When Abba was ill -
My father was diagnosed with cancer in May 2012.
At the time these images had been taken, I’d been telling myself that it was to be a recording of how my father would fight, how my family would see him through this horrible time, of my mother’s love for him.
It took some time for us to realize that it was a malignant, fairly advanced and a viciously growing tumor. It took us his death to realise that there never ever had been any hope.
He passed away in November, the same year, in the industrial town he lived and worked.
I guess all things pass.
Often slowly… and sometimes abruptly.
In time my memory congealed into vague impressions of what I thought I saw, blurred and faded. These photographs are almost all I now remember.
Aligarh Muslim University
Aligarh represents an anomaly in the regular statistics of smaller Indian populaces. Aligargh Muslim University was established in the year 1875; modelled on the University of Cambridge by Sir Syed Ahmed Khan, who, after the revolution of 1857, felt the need for the westernised education of Muslims in the Indian sub-continent. Aged mostly between 17 and 25, with the exception of the older, middle aged, PhD students that are here on grants, living with their families, these students (almost 30,000 of them) make, often out of their meagre means, a home out of small campus rooms and dormitories that the university provides at marginal costs.
While the doors to the education provided by A.M.U. are open to those of all castes and creeds, it sees a massive influx (almost 80%) of Muslim students, not just from every corner of India, but also from all across South-East Asia, West Asia and Africa. Students throng here from Thailand, Indonesia, Saudi Arabia, Yemen, Libya, Malaysia and many other countries. They form their own communities and follow their own traditions and cultures, often finding not to their palette the rich Indian food that is served in the dining halls of the hostels, nor find compatibility with local students very easy due to language and social barriers.
These images are the incidental by-product of an attempt at studying the universe that is the Aligarh Muslim University; an attempt at exploring the town, and getting to know the students here; to see how they live and create for themselves the small havens that they end up with. This town has a unique air of solitude and singularity, though it has never dealt with anything but the plural, further marking great individuality within the throngs that study here.
Days with Mom (ongoing since 2013) -
I’d always held back from embracing it, but my father was my philosophical guide. I could admit it openly to myself only after he’d passed away.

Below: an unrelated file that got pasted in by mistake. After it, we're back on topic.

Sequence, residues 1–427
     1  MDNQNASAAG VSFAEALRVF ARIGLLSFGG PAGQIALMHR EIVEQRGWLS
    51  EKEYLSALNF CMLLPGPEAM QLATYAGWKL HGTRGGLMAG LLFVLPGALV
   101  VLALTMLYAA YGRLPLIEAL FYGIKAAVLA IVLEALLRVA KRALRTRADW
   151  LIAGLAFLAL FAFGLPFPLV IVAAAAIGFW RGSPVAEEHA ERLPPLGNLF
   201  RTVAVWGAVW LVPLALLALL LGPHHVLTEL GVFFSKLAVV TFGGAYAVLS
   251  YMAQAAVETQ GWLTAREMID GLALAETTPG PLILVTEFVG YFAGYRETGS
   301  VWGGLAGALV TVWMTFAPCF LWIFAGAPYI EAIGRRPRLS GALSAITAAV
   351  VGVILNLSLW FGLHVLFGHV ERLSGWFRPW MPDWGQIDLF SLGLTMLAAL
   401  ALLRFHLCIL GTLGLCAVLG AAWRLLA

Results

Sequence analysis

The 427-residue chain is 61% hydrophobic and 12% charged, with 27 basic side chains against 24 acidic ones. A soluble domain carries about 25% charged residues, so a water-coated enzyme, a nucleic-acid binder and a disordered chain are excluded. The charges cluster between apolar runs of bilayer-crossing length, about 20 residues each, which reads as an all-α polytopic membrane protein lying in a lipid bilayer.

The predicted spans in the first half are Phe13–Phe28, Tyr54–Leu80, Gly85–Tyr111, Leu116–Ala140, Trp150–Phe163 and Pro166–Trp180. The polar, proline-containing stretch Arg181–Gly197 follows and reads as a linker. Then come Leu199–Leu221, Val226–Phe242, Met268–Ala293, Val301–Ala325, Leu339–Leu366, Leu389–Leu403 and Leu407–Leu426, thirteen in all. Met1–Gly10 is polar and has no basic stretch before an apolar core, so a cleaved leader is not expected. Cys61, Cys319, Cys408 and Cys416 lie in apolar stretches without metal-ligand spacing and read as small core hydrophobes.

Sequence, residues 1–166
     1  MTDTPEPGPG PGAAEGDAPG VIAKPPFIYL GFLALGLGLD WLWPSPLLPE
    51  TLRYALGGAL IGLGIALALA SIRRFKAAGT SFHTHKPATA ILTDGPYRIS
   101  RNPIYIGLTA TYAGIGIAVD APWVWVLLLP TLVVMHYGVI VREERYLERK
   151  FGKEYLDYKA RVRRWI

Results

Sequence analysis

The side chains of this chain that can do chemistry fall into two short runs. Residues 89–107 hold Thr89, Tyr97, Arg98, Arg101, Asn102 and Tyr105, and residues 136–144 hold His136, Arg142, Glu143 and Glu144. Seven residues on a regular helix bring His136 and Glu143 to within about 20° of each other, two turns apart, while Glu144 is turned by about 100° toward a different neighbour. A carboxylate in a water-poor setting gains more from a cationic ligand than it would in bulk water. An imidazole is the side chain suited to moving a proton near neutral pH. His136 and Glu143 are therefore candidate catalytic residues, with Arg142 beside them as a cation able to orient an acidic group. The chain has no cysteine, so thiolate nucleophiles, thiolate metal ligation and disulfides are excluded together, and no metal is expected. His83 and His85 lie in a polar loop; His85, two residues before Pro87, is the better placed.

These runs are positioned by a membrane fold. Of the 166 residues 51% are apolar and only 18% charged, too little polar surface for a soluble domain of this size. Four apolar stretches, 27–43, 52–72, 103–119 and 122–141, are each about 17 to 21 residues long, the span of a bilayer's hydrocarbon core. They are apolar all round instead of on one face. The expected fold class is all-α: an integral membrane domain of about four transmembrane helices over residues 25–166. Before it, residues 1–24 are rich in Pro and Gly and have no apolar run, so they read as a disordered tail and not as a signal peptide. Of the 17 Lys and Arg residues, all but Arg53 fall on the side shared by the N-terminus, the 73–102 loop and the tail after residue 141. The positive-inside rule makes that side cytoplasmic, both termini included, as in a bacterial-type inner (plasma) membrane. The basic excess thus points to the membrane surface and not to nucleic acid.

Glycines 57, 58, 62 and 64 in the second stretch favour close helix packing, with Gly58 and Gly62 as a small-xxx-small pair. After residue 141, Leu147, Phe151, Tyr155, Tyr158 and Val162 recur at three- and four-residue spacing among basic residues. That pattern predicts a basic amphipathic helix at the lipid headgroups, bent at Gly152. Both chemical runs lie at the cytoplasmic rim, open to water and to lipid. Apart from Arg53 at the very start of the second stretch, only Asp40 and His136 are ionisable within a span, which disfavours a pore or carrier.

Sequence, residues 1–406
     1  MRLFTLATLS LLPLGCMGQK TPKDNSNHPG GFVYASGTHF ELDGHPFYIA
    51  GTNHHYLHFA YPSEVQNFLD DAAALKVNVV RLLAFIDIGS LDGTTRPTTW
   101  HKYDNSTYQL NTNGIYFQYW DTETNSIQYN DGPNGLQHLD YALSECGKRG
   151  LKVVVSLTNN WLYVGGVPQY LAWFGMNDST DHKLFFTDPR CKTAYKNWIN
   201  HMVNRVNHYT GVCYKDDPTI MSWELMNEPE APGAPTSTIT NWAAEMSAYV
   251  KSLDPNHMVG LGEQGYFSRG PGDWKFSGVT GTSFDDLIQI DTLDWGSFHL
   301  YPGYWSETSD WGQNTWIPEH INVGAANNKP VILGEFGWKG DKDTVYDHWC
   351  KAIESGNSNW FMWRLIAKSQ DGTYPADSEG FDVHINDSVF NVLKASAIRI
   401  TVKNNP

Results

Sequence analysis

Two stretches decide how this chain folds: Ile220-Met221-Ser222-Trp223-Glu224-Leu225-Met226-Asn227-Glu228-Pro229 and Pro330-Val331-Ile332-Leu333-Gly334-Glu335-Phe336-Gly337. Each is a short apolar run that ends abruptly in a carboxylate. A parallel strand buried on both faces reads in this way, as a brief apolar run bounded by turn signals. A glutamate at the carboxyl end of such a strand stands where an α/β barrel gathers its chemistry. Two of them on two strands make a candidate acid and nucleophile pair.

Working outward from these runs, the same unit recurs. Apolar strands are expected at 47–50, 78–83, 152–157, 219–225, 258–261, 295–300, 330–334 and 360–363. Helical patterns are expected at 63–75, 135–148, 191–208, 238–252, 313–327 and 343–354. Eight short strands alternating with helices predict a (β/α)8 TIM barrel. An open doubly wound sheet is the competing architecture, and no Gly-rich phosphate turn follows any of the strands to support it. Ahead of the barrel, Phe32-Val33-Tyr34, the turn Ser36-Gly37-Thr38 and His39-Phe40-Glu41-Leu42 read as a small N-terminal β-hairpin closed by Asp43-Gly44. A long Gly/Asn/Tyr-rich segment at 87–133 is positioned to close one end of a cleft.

My brother and I pined after him, and shed common tears, and selfishly cried over all that we had taken for granted, and all that we had yet to learn from him.
But, not for an instant did we confuse ourselves for the true protagonist of his life, our mother, his wife.
What I originally mistook for our shared bereavement slowly changed into a realization of her loss. I think I got a true glimpse of how happy and successful their marriage had been only after my father’s death.
While Abba had had a more intellectual bend of mind, I learnt that Mom had been the stronger and the braver one of the two.
I learnt that I do not take after her.
I don’t visit her too often, but I try to when I can.
Jamshedpur, my hometown, feels like a dream each time I visit it. It is suspended in time like a note from a song I cant’ remember. However, something has changed about it. Abba is no longer there. Mom still goes to teach at the school she has been for twenty five years. She still meets all their old friends. She maintains her house independently, like his wish for her. Everything in the house is as it used to be, except that there are now so many more photographs of him.
These photographs are to be my journal for when I visit her, even if they start to become my reasons to visit her.
“What is the role of the TV in our lives? Early contemplation oscillated between a gift from the gods, and a Trojan horse; entering our houses under the pretext of harmless entertainment as a garb over the undermining of the fabric of our societies.
But irrespective, even with the Orwellian Newspeak similarity, or dissimilarity, we are now from a generation which has hardly known life without it. Looking back at all the years as an audience to this contraption, I merely wish to express my opinion on the collective information emanating from the TV, and document the spaces that remind me of it.”